We, so tired of all the darkness in our lives – Leyland Kirby (2017)

We, so tired of all the darkness in our lives cover art

I’m always delighted to be pleasantly surprised by new music, especially when it’s found completely by accident. Striking gold with electronic music is a bonus. As a genre, it can sometimes feel like I’ve heard just about all I’m going to hear where variety is concerned.

Then along comes composers like James Leyland Kirby. Kirby goes by many names (Leyland Kirby, The Stranger and The Caretaker to name a few). Each of these monikers represent a different direction and project arc musically. From the start of his musical career in the late ’90s, Kirby has become a highly respected composer. For a time, his music was commonly featured on the John Peel Show’s opening and closing segments.

Of the small percentage of Kirby’s discography that I have heard, it would seem that he presents some interesting ideas and concepts. Although I can’t say every experiment turns out a success to my ears, some stand out like his 1999 debut (as The Caretaker). There he repurposes music from the 1930s and turns it into a kind of spooky digital tapestry. The concept is further refined in the more recent Everywhere at the end of time. In all, James Kirby has written and recorded well over 2,000 songs between his many aliases. Most of them have been experimental in the spirit of pioneers like Brian Eno.

As for Kirby’s more mainstream work, his latest release We, so tired of all the darkness in our lives gathers up various compositions from or 4 to 5 year period. Essentially you could call this album a greatest hits collection. Apparently, these songs represent favorites of Kirby and give a good record of his stylistic directions. Such compilations can sometimes feel disjointed, but here Kirby carefully collects songs that work well together as a themed collection. The title, appropriately named for now when Washington feels incompetent and personal safety appears to be at an all time low.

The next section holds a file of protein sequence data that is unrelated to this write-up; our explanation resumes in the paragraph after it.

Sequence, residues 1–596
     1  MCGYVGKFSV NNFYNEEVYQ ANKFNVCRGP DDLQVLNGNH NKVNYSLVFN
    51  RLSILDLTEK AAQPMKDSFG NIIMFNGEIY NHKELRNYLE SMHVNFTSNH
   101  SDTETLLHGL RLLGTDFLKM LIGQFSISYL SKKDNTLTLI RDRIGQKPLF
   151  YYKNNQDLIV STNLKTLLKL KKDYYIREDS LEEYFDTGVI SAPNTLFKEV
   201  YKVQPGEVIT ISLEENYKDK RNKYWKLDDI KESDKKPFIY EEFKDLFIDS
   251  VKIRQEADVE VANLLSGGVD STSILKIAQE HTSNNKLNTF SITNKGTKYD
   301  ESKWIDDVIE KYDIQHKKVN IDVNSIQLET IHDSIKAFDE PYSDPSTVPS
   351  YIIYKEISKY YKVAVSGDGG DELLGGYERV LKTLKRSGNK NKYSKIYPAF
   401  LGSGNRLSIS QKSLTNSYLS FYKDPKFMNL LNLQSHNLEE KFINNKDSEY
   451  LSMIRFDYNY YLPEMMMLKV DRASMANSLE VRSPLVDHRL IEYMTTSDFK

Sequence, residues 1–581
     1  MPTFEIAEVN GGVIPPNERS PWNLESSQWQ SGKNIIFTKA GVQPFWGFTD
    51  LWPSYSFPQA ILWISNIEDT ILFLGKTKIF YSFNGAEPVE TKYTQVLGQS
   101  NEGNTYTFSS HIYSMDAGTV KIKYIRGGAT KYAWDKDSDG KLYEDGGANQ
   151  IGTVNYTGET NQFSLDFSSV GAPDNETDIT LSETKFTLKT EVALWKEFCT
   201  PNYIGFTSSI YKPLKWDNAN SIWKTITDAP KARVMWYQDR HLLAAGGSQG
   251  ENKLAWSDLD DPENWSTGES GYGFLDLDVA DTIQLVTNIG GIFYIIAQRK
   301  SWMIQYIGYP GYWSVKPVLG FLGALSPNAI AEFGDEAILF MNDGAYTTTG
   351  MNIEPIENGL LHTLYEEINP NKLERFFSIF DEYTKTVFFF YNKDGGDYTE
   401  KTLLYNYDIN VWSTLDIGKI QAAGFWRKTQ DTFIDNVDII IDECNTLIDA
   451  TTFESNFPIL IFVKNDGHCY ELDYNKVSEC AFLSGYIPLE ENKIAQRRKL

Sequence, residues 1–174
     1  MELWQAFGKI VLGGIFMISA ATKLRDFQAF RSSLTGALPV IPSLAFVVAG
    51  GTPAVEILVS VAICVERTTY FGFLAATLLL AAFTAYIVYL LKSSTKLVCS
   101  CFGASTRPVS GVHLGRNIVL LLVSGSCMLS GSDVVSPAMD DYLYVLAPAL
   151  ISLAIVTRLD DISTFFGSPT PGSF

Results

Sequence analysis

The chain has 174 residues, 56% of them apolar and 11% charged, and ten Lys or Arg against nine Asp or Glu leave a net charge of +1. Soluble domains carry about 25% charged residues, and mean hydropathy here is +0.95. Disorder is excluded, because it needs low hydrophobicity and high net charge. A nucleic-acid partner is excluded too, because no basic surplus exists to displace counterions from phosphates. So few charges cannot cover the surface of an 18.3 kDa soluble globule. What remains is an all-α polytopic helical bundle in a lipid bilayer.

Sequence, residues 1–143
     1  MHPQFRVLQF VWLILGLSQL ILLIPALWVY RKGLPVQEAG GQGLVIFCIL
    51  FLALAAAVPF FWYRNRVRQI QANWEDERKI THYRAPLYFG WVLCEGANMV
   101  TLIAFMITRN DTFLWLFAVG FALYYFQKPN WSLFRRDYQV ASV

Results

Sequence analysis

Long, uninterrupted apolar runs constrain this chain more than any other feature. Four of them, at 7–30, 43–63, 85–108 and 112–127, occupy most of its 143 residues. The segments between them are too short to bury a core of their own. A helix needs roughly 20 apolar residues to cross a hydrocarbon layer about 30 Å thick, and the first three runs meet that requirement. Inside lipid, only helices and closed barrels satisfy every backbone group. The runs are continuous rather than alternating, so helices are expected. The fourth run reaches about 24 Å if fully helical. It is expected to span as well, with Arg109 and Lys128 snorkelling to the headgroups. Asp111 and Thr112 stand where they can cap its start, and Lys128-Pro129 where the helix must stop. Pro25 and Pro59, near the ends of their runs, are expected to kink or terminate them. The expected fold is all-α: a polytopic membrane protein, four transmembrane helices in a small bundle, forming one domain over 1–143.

That title works well with compositions that explore a range of human emotions wrapped and wrapps them in a little melancholy. On the surface it can sound dark, but subdued melodies can give some tracks the air hopefulness. One of the album’s highlights, “A1-Consolation” embodies all of above mentioned elements into one mid-tempo song.

In a slight nod to the work Vangelis did for the original Blade Runner film,  We, so tired… updates the general feel of dystopian sci-fi background music with the occasional strong contrasting percussion or with elegant piano sections.

We, so tired.. recalls the simple beauty of Hakobune or Arovane with tracks that are not necessarily layered, but still can build up or construct a melody slowly like a Brian Eno composition. Like any work from Mr. Kirby, We, so tired is not available from conventional retailers, but instead accessible from sites like Bandcamp and the artists own website.  Ironically, some of Kirby’s music is available on major streaming services, but unless you knew what you were looking for, this music would be lost in the deep catalougs of iTunes, Spotify and Tidal. It was purely by accident that I stumbled on this work via the new releases on Bandcamp.

This album is priceless, quite literally as Leyland offers it for whatever price the listener is willing to pay – even if that means nothing. You could do a lot worse than to give this excellent recording an hour of your time and maybe a little of your money.

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